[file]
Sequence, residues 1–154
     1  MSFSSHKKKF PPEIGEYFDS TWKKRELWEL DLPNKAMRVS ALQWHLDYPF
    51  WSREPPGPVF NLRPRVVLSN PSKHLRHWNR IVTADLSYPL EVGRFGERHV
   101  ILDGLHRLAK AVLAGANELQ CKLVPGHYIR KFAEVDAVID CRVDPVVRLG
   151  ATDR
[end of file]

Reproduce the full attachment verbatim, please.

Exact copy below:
Sequence, residues 1–154
     1  MSFSSHKKKF PPEIGEYFDS TWKKRELWEL DLPNKAMRVS ALQWHLDYPF
    51  WSREPPGPVF NLRPRVVLSN PSKHLRHWNR IVTADLSYPL EVGRFGERHV
   101  ILDGLHRLAK AVLAGANELQ CKLVPGHYIR KFAEVDAVID CRVDPVVRLG
   151  ATDR